Ad Majorem Dei Gloriam
The roof of our Church is from asbestos
Asbestos, a mineral fiber found in rocks, is strong, flexible, fire- and chemical-resistant, with excellent thermal and electrical insulation qualities. Due to its many desirable characteristics, asbestos was widely used as thermal insulation (beginning in 1920), fire protection, acoustical insulation, decoration on exposed surfaces, and to strengthen household and building products. It also was utilized in friction products such as brake shoes.
Asbestos-containing materials can be found in the following household and building products:
Asbestos causes cancer of the lung and stomach, according to research of persons exposed to asbestos. There is not a level of exposure to asbestos fibers experts label "completely safe."
Some asbestos materials break into smaller fibers that float through the air and are inhaled. You would not be able to see these tiny fibers, and they are so small they pass through the filters of a normal vacuum cleaner and right back into the air. Once inhaled, asbestos fibers can become lodged in tissue.
A health risk exists only when asbestos fibers are released from the material or products. Soft, easily crumbled asbestos-containing materials have the greatest potential for asbestos release and, therefore, have the greatest potential to create a health risk.
Many times asbestos-containing materials are "safe" until they are damaged or disturbed in some way, as when home improvements are made or a home is remodeled.
On January 9, 1986 the Environmental Protection Agency (EPA) published its proposal to ban and phase out all new asbestos use in the United States. Immediately banned were asbestos-containing construction materials and asbestos clothing. All remaining products and/or materials made with asbestos fibers are to be phased out over a period of 5 to 10 years. During this phase-out period, all products and/or materials containing asbestos must have warning labels.
Based on the model number and the age of the product, the manufacturer or a product may be able to tell you whether or not a particular product contains asbestos. Plumbers, heating contractors, and building contractors who have frequently worked with asbestos products and materials sometimes can make a reasonable judgment about whether or not a material contains asbestos.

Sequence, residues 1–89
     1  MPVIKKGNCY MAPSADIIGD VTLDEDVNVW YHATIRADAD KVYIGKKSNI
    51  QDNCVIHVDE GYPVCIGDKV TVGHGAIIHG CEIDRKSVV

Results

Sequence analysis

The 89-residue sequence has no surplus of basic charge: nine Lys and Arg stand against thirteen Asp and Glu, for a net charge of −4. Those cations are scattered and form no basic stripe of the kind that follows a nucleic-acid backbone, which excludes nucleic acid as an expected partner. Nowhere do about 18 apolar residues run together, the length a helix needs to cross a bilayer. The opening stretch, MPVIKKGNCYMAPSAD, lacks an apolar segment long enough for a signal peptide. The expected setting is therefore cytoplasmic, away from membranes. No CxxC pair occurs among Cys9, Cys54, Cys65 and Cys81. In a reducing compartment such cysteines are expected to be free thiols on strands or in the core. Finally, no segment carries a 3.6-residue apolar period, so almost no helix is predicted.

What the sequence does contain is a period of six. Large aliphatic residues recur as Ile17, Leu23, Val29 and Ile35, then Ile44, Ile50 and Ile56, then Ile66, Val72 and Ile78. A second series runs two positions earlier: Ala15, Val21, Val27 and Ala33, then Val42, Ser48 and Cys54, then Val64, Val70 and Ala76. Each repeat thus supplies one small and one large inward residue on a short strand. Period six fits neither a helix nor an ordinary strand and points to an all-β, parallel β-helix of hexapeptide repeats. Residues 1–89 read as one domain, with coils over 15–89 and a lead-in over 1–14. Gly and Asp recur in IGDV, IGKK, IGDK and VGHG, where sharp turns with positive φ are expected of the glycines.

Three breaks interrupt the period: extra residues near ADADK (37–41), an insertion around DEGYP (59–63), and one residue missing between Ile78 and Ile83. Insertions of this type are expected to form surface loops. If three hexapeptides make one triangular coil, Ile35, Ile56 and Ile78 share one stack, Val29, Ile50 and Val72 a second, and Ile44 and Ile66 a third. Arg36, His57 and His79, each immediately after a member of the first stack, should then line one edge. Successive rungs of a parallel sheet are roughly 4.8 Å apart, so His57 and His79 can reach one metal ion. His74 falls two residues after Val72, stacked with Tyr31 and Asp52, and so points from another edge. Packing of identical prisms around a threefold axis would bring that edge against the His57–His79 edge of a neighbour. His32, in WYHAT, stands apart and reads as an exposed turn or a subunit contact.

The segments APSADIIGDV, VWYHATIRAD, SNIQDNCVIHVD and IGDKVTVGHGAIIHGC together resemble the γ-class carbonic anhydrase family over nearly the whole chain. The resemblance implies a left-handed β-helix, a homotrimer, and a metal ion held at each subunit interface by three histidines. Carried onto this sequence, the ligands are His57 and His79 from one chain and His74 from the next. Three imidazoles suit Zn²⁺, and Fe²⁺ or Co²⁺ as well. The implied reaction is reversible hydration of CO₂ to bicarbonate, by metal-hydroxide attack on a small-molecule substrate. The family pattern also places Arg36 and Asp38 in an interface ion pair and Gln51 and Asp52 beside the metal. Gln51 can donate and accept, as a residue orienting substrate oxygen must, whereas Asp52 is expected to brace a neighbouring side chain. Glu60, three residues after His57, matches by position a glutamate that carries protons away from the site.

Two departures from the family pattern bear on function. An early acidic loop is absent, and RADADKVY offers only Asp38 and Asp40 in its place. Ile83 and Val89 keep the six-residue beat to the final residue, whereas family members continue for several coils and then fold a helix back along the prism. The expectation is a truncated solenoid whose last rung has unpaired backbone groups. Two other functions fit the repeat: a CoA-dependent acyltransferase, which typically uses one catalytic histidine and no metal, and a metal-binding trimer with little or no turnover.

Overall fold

In most cases asbestos-containing materials are best left alone. If the asbestos-containing product and/or material crumbles easily, is loose, flaking, or a powdery, chalk-like substance, removal may be necessary. Under no circumstances should asbestos fibers be dusted, swept, or vacuumed. These actions make fibers airborne where they can easily be inhaled. EPA strongly suggests finding a qualified contractor trained in safe removal procedures to do the job.
According to the EPA publication "Asbestos in the Home," the following precautions are listed for those handling or removing asbestos-containing products and/or materials:
If you are going to have work done by a contractor, discuss these guidelines and the other steps to minimize asbestos exposure.
National Safety Council. "The Hazards of Consumer Products Containing Asbestos," January/February 1987.
U.S. Consumer Products Safety Commission, U.S. Environmental Protection Agency. "Asbestos in the Home," U.S. Government Printing Office, Washington, D.C., 1985.
U.S. Environmental Protection Agency, Office of Pesticides and Toxic Substances. "Guidelines for Controlling Asbestos-Containing Materials in Buildings," U.S. Government Printing Office, Washington, D.C. June, 1985
Safe Buildings Alliance. "What You Should Know about Asbestos," Washington, D.C. 1984.
By Dr. Frances C. Graham, Extension Housing Specialist
Missippi State University. Extension Service
Asbestos causes cancer ( Click for more informaion)
Fuheis: June 3. 2001